Scientists glory in Nobel Prizes, soldiers proudly display their medals, but for the descendants of Stanley Mosk no honor is more meaningful than having a school named for the late California Supreme Court justice.
On Friday (Nov. 5) , a Canoga Park school, now bearing the prosaic name of Valley Region Elementary School No. 10, will be officially renamed the Stanley Mosk Elementary School.
The naming ceremony will begin at 10 a.m. at 7335 Luboa Ave. in Canoga Park. The public is invited.
Stanley Mosk was a native Texan, who in 1947 was instrumental in breaking the Los Angeles color barrier in restricted housing for blacks, at a time when Jews and Latinos suffered from the same kind of discrimination.
In his decision striking down restrictive covenants, the then 34-year old judge declared ringingly, “We read columns in the press each day about un-American activities. The court feels there is no more reprehensible un-American activity than to attempt to deprive persons of their own homes on a ‘master race’ theory.”
Mosk was a protégé of Democratic Gov. Culbert Olsen, but resigned his judgeship when he joined the army during World War II.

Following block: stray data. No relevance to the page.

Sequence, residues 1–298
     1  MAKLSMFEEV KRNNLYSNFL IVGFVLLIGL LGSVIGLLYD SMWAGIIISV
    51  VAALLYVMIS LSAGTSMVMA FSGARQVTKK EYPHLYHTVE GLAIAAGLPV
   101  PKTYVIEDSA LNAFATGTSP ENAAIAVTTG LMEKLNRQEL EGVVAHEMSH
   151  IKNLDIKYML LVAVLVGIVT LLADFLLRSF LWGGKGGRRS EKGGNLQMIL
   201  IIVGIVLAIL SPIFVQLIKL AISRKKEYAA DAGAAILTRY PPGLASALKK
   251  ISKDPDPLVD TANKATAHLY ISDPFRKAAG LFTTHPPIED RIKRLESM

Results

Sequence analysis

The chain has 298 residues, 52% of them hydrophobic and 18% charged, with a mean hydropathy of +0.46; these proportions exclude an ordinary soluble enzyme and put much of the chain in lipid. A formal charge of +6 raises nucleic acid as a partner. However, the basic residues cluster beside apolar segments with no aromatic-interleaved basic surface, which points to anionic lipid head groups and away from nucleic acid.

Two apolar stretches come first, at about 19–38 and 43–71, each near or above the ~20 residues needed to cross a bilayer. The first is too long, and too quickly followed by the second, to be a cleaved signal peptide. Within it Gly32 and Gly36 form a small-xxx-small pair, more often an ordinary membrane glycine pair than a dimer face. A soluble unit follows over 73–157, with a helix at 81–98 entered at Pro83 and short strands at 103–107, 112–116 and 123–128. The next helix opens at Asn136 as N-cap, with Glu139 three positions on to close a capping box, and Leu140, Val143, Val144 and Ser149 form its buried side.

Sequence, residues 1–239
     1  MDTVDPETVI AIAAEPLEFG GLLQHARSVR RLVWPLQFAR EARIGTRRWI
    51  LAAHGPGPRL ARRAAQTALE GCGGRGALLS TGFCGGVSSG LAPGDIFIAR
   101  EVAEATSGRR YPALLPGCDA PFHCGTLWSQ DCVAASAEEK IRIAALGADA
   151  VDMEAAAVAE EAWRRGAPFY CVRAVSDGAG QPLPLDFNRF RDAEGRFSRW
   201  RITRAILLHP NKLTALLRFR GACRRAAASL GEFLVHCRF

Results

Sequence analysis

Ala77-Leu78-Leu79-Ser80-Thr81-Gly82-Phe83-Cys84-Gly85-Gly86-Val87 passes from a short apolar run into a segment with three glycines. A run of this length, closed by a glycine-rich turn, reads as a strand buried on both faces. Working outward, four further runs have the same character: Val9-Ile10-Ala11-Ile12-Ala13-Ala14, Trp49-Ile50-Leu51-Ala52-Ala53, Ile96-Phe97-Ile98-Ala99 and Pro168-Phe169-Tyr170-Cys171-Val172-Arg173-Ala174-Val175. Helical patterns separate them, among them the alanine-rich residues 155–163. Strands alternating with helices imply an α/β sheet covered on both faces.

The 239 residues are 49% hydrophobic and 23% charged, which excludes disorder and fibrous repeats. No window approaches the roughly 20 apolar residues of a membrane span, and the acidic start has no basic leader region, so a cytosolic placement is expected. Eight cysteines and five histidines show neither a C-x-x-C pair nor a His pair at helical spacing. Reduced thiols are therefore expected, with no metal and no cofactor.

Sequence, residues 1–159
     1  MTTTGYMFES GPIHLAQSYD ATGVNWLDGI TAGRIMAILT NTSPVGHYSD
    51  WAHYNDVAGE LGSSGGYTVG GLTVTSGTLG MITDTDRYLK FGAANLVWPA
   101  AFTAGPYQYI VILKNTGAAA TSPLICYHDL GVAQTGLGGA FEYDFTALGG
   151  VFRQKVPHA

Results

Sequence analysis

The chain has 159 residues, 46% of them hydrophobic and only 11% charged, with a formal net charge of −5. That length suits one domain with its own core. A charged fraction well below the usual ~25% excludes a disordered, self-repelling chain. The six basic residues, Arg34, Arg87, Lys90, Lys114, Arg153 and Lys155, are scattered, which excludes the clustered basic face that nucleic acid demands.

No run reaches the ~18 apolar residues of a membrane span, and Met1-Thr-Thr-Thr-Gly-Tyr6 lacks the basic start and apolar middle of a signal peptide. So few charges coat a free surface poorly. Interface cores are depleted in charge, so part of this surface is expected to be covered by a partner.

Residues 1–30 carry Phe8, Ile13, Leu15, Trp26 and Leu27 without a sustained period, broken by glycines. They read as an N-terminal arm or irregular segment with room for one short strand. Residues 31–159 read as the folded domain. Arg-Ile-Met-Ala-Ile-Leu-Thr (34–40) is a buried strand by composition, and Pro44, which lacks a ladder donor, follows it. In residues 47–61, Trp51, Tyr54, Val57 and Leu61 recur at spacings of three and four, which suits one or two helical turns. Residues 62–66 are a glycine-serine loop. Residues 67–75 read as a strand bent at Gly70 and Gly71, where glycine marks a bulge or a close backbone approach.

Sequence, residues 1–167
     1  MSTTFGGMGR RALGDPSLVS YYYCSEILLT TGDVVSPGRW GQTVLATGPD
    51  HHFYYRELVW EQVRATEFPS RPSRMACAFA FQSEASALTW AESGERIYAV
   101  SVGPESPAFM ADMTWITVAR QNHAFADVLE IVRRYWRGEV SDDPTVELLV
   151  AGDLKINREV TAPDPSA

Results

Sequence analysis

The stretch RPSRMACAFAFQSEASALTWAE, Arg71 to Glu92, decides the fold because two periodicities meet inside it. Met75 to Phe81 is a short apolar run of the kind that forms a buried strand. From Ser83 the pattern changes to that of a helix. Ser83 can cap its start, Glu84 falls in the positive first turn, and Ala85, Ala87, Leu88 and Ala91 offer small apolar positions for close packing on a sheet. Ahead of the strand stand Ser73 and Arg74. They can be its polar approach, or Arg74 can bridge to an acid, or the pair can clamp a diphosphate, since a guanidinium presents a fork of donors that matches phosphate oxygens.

Olsen lost the next election to his bitter political rival, Republican Earl Warren, who held the seat open until Mosk returned and then reappointed him to his old post.
In the present political climate, such a generous gesture would be almost unthinkable, Mosk’s son, Richard M. Mosk, noted in the legal newspaper, The Daily Journal.
Despite his busy career as top aide to Olsen, then state attorney general and judge, Stanley Mosk was intensely involved in the Jewish community, serving as president of the then Jewish Federation Council, and lay leader of Vista del Mar, Bet Tzedek and the Anti-Defamation League.
The younger Mosk, now an associate justice of the California Court of Appeal, has been going through some of his father’s papers and discovered an intriguing footnote relating to Britain’s post World War II policy toward Palestine.
On Oct. 3, 1945, Mosk, then a Superior Court judge, penned a letter to Harold J. Laski, then the influential chairman of the British Labour (ok) party, which had just triumphed over Churchill’s Conservatives.
Mosk wrote in part, “No people on earth have endured the suffering of the Jews of Europe. It should be obvious to statesmen, as it is to other thoughtful people throughout the world, that only a national homeland in Palestine holds forth any hope for the displaced Jews. They have the right to expect entry there, if not historically, then by virtue of the Balfour Declaration.”
Laski did not take the criticism kindly and responded in part:
“In Palestine, it would certainly make the task of the British Government easier if the Americans would offer to share in the difficult responsibility of our mandate, instead of merely offering us advice by resolution. 5,000 American troops in Palestine are worth 100 resolutions from the United States Senate,”
Mosk sent this correspondence on to President Truman, who almost immediately replied with a thank-you note.
For additional background on Stanley Mosk, see the City Voice article by Bill Boyarsky.
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